Reclaiming Your Life after a Devastating Accident

Don't Drive Recklessly Or You Could Lose Your Driver's License In A Medical Recall

by Stacy Dean

Being pulled over for reckless driving is more serious than many people believe. A reckless driving charge can result in hefty fines and points on your license. For some people, however, reckless driving can also result in the loss of their driving privileges. If a law enforcement officer believes that your reckless driving was caused by a medical condition, such as syncope or a seizure, he or she can have your license suspended on the spot with what is called a medical recall.

The reason for this is because law enforcement officers have to ensure that any immediate threats to public safety are handled appropriately. In the case of someone driving recklessly due to a medical condition, this means "act now; ask questions later". Here's what can happen and what you would need to do if your license was suspended for this reason. 

What happens immediately?

When a law enforcement officer suspects that the person who is operating a motor vehicle has a medical condition that makes it difficult or impossible for them to drive safely, he or she will inform their superiors of the incident, who will then call the state officials to suspend or recall the license.

The officer will then require the person to step out of their vehicle. He or she may ask the person to call a loved one to come and drive the vehicle away if there are no other drivers in the car. However, more than likely a tow truck will be sent to the location and the vehicle will be towed to the owner's address.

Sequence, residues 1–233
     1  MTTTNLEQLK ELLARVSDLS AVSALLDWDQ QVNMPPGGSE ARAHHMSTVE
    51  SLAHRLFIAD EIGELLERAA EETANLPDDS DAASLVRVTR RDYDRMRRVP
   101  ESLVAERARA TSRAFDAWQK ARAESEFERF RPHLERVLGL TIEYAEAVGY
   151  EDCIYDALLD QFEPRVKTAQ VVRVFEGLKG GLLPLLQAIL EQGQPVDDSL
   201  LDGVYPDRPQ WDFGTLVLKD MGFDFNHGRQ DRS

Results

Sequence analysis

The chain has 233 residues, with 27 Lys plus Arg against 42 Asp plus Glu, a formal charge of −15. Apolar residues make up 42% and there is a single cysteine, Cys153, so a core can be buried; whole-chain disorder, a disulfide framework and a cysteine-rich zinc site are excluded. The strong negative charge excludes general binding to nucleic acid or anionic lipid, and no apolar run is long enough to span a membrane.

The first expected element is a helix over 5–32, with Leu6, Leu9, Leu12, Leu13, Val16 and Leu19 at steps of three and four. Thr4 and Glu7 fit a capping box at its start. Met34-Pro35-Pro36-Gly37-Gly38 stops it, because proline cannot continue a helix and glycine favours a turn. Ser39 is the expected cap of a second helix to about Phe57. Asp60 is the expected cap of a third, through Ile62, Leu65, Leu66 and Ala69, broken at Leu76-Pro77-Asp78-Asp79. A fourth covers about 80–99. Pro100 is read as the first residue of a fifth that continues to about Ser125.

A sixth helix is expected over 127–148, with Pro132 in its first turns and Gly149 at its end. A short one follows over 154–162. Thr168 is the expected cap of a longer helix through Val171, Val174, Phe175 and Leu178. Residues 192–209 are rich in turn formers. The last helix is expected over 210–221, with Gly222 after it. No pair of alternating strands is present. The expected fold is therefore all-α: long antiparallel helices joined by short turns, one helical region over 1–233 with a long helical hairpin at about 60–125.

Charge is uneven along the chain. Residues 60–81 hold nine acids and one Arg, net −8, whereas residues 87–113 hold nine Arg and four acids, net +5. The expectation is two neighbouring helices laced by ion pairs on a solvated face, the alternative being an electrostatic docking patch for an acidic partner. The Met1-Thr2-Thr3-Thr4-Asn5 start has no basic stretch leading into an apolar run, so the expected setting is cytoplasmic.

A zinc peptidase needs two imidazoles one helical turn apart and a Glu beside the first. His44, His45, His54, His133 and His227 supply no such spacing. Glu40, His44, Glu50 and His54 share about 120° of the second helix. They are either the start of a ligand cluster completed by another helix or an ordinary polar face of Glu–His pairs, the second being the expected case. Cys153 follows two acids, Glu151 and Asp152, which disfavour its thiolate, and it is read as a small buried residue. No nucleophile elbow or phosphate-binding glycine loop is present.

What happens after the incident? 

If this happens to you, you will need to hire a traffic violation attorney. Your case of suspended or recalled license will need to be heard in front of a board. To help prove your case that you were not suffering from a medical condition that caused you to drive recklessly, you will need to have medical documentation as proof. However, to dispel any notion that your physician is working on your best interests instead of the best interests of the public, it's best to have an independent medical examiner provide the medical documentation and report to the board of appeals.

This means that you will need to go through a complete medical examination as well as a complete blood workup and, depending on what the law enforcement officer saw, a cardiovascular or central nervous system examination to look for possible causes of your erratic driving behaviors, such as a heart condition or a central nervous system condition. 

For more information, contact legal offices like Wood & Rabil  LLP.